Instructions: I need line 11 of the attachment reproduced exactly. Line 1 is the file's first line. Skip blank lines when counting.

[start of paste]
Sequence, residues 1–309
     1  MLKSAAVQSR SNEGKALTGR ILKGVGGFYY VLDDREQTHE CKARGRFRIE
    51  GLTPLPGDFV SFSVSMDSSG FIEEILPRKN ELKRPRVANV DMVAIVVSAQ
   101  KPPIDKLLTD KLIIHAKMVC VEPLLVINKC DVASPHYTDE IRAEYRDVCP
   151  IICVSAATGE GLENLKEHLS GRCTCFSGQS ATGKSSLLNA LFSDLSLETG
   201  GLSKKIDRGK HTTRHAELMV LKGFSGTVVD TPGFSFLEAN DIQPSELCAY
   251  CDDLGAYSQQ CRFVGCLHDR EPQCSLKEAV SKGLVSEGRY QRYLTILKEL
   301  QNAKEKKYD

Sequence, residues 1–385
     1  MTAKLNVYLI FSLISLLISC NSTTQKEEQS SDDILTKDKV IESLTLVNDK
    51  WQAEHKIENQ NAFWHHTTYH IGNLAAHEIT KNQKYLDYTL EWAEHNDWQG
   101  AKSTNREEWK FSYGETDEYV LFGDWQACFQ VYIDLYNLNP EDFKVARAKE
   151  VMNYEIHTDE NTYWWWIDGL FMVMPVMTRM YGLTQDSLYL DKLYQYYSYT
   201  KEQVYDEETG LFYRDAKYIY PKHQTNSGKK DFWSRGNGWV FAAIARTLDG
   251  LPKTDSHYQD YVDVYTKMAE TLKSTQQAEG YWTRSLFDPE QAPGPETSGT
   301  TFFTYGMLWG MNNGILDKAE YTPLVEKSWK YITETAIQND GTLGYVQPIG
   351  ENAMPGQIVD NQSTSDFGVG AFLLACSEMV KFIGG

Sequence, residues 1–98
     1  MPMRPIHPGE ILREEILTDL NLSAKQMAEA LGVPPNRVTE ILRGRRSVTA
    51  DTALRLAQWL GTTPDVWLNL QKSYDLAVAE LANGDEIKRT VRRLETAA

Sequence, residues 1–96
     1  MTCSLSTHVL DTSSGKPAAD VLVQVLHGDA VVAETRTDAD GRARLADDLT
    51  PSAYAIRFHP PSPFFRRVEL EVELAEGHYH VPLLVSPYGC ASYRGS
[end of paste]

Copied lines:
    51  WQAEHKIENQ NAFWHHTTYH IGNLAAHEIT KNQKYLDYTL EWAEHNDWQG